How some of world’s most renowned brands got their names
Jeff Bezos, CEO of Amazon, once said- “A brand for a company is like a reputation for a person. You earn reputation by trying to do hard things well”. Companies spend a great amount of time choosing the right brand names to communicate their vision, products and values to customers and build a reputation. While some brand names are derived from the characteristics of the product/company, others find their inspiration from a variety of different sources. Here, we look at how some of the world’s best-known brands found their names.
Your brand name is only as good as your reputation.
– Richard Branson
Pepsi was first introduced as “Brad’s Drink” in 1893 in the United States by Caleb Bradham, who made it at his drugstore. In 1898, it was renamed Pepsi-Cola after the digestive enzyme ‘pepsin’ and ‘kola nuts’ used in the recipe. Eventually in 1961, the Cola was dropped and the brand became just Pepsi.
Nike was originally founded as Blue Ribbon Sports by Bill Bowerman and Phil Knight. It officially became Nike, Inc on May 30, 1971. The name Nike is derived from the Greek goddess of victory- Nike.
Vodafone was founded in 1991 when Racal Telecom was demerged from Racal Electronics. The name Vodafone comes from Voice, Data, Fone (phone). It was chosen by the company to “reflect the provision of voice and data services over mobile phones”.
Intel was founded in 1968 by Gordon E. Moore, a chemist, and Robert Noyce, a physicist and co-inventor of the integrated circuit. When brainstorming on a name, they quickly rejected “Moore Noyce” as it sounded like ‘more noise’ – not suited for an electronics company! Instead they decided on Integrated Electronics or Intel in short.
Coca-Cola, introduced in 1886 by John Pemberton, was originally intended to be a medicine! The name Coca-Cola was derived from 2 of its original ingredients – kola nuts, a fruit of the Cola genus of trees & a source of caffeine and coca leaves. The current formula of Coca-Cola still allegedly remains a trade secret.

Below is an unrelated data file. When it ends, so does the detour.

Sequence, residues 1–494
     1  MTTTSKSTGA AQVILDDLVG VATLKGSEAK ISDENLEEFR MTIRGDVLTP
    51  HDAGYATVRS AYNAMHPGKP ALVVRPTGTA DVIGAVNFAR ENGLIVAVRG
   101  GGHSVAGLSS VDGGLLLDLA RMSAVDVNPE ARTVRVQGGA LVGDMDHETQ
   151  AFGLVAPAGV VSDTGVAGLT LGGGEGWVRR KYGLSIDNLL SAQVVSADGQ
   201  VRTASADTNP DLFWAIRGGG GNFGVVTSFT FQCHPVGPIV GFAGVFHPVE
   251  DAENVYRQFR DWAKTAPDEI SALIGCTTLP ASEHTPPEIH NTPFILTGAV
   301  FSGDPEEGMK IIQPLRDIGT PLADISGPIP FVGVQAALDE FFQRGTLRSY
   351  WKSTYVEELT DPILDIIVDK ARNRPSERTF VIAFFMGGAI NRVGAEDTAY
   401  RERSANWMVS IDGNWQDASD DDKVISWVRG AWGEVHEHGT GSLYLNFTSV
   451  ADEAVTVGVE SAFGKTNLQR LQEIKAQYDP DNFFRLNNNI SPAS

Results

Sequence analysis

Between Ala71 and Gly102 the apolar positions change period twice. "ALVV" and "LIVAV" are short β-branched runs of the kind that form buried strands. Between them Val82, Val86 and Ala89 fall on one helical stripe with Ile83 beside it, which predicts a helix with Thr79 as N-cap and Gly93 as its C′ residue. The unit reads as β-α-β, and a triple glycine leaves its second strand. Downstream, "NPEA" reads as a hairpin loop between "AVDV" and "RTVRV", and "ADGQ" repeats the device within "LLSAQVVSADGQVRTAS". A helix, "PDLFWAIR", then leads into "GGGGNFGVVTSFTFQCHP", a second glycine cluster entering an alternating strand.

Skype, a video and voice call application, was founded in 2003. The name Skype was derived from “sky peer-to-peer”, originally shortened to Skyper. However, since some of the domain names associated with Skyper were already taken, the ‘r’ was dropped and led to its current name Skype, for which domain names were still available.
Canon was founded in Japan, originally as Seikikogaku kenkyusho (Precision Optical Industry Co. Ltd). In 1934, it made the prototype for ‘Kwanon’, Japan’s first 35mm focal plane-shutter camera. The name ‘Kwanon’ came from the Buddhist goddess of mercy. In 1947, the name of the company was changed to Canon after its Kwanon camera.
Sony was founded in 1946, originally as Tokyo Tsushin Kogyo (Tokyo Telecommunications Engineering Corporation). Its name was changed to Sony in 1958, when the founders were looking for a more marketable name. The name Sony was chosen as a mix of 2 words – 1) the Latin word Sonus, meaning sound and 2) the slang term sonny, used in America in the 1950s to refer to a boy. In the 1950s, the term “sonny boys” was loaned into Japanese to connote smart and presentable young men, which the Sony founders considered themselves to be.
Lego began in the workshop of Ole Kirk Chritiansen, a carpenter from Denmark, in 1932. In 1934, his company was named Lego, derived from the Danish phrase leg godt, which means to ‘play well’. Interestingly, ‘Lego’ in Latin can also be loosely interpreted as ‘to assemble’ or ‘to put together’ – very apt for their products!
Xerox was founded in 1906, originally as The Haloid Photography Company. In 1938, Chester Carlson, an independent physicist, invented a process for printing images using an electrically charged drum and dry powder “toner”. Joseph C. Wilson, the then head of Haloid saw opportunities in Carlson’s invention and signed an agreement to develop it as a commercial product. To differentiate the new system, the word ‘xerography’ was invented. Xerography is derived from the Greek words xeros (meaning dry) and graphos (meaning writing). The company’s name was subsequently changed to Xerox in 1961.
Microsoft was founded in 1975 by Bill Gates and Paul Allen. The name Microsoft was coined by Allen as a combination of the words Microcomputer and Software. Originally, it was hyphenated as Micro-Soft but subsequently, the hyphen was removed.
Nivea was introduced in 1911 by the brand’s owner Beiersdorf AG, based in Germany. It was the first stable water-in-oil emulsion. The word Nivea is derived from the Latin word niveus, which means ‘snow white’ – an apt description for the cream!